hierarchical routing

<networking>

A way of simplifying routing a large network like the Internet by breaking it into a hierarchy of smaller networks where each level is responsible for its own routing. The Internet has three levels: backbone networks, mid-level networks (or transit networks) and stub networks. The backbones know how to route between the mid-levels, the mid-levels know how to route between autonomous systems (sites) and each site knows how to route internally.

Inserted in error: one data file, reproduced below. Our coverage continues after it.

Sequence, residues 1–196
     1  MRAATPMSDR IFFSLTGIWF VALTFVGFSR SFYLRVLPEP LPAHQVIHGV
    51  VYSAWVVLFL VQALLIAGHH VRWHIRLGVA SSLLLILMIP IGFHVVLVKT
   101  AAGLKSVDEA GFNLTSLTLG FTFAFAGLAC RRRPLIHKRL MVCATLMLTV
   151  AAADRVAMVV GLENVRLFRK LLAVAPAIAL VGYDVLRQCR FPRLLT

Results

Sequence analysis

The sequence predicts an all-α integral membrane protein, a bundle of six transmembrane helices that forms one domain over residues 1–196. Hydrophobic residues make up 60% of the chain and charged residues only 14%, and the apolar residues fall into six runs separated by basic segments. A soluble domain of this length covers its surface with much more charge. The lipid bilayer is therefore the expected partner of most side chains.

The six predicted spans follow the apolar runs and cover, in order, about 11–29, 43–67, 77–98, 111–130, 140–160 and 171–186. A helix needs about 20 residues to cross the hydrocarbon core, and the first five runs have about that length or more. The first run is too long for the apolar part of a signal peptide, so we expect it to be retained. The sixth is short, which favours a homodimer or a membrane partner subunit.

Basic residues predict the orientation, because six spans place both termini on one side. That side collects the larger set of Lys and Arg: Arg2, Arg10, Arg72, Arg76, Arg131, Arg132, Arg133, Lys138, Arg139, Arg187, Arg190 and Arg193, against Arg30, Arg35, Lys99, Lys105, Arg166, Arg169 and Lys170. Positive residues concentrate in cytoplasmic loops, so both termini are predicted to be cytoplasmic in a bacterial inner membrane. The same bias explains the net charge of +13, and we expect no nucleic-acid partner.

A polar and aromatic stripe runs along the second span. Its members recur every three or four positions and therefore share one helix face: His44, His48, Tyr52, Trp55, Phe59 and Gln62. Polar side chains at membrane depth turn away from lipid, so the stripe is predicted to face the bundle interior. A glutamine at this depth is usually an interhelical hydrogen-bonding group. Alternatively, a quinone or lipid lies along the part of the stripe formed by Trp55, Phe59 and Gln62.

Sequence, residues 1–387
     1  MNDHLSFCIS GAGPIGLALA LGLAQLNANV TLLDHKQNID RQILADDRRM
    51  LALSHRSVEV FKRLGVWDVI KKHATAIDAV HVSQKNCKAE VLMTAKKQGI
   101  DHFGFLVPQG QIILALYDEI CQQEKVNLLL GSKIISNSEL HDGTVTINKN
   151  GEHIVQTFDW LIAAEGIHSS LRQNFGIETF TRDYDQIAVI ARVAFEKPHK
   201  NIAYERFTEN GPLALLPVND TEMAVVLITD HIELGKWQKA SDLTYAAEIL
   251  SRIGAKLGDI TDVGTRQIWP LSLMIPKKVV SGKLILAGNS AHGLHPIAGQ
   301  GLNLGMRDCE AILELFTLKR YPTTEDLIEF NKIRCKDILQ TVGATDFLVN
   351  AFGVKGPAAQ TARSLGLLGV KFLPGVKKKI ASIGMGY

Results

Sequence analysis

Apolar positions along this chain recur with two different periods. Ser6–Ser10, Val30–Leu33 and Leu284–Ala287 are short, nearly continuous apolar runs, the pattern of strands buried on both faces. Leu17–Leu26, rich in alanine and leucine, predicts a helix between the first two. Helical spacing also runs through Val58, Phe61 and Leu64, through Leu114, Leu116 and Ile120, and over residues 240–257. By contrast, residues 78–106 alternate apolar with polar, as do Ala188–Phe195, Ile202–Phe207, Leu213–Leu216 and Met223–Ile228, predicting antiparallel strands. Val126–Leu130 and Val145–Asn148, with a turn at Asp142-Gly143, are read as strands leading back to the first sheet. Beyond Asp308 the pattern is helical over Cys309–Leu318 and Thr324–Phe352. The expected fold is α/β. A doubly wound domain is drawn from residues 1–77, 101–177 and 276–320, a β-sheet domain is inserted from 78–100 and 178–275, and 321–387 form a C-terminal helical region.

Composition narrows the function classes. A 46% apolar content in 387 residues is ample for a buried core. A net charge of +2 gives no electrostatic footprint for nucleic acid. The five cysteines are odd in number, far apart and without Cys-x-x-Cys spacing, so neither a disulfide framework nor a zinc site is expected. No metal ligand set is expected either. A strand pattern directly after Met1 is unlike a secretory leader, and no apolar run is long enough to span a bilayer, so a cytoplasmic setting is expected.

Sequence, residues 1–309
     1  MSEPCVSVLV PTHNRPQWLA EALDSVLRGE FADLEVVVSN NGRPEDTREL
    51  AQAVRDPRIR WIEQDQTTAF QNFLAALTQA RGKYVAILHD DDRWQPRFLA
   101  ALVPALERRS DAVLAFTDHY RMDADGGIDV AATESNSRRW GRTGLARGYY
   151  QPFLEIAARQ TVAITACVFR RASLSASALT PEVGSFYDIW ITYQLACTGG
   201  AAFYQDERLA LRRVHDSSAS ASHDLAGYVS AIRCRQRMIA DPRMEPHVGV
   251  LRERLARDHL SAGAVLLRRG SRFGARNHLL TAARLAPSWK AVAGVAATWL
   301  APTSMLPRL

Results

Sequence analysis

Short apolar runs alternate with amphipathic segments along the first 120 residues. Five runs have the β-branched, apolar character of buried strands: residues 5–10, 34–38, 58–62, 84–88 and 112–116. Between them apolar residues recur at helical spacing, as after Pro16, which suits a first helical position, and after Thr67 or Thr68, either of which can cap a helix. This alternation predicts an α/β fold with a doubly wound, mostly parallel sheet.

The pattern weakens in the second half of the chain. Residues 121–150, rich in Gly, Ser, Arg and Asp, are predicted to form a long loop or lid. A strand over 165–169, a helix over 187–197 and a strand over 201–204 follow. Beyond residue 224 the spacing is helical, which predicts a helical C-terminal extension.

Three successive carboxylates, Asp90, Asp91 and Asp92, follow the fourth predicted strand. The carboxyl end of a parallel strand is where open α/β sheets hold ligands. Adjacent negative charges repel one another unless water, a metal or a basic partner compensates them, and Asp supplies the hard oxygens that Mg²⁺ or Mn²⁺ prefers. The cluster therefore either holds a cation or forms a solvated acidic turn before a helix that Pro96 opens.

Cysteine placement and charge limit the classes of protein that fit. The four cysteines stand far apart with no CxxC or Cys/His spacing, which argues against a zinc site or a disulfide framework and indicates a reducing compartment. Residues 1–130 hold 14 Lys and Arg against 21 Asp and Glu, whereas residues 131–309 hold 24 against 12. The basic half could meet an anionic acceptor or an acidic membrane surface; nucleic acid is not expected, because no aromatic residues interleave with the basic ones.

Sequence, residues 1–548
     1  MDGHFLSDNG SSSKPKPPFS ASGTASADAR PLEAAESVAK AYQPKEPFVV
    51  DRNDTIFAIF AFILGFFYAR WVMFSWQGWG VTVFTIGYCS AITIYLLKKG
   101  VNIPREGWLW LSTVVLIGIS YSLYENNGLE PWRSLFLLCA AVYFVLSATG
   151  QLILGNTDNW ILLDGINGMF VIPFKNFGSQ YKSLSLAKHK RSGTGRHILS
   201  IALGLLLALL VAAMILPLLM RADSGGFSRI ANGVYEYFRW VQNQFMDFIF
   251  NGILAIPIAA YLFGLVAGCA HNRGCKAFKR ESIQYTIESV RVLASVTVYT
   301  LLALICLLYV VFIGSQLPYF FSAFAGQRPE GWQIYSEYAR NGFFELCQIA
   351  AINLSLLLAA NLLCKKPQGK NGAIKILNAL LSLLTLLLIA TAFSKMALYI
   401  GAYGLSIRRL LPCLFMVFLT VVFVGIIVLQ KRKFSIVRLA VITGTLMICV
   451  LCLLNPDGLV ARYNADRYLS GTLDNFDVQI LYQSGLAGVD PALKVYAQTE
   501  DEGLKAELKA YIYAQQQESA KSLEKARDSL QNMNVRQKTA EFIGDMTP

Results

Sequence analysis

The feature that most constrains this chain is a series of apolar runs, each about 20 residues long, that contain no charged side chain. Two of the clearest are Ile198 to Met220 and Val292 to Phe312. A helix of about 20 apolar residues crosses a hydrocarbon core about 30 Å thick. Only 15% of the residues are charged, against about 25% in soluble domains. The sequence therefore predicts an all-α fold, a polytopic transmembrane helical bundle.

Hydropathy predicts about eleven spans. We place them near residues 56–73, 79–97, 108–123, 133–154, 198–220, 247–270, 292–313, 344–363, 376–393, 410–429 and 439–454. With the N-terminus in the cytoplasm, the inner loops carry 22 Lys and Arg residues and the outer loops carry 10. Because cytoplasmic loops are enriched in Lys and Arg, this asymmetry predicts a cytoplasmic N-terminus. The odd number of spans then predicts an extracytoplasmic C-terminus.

Routers at each level cooperate by exchanging routing information. Typically, between mid-level networks this is via Exterior Gateway Protocol and within sites via Interior Gateway Protocol.

Last updated: 2017-12-02

Nearby terms:

Hierarchical Object Oriented Designhierarchical routinghierarchy

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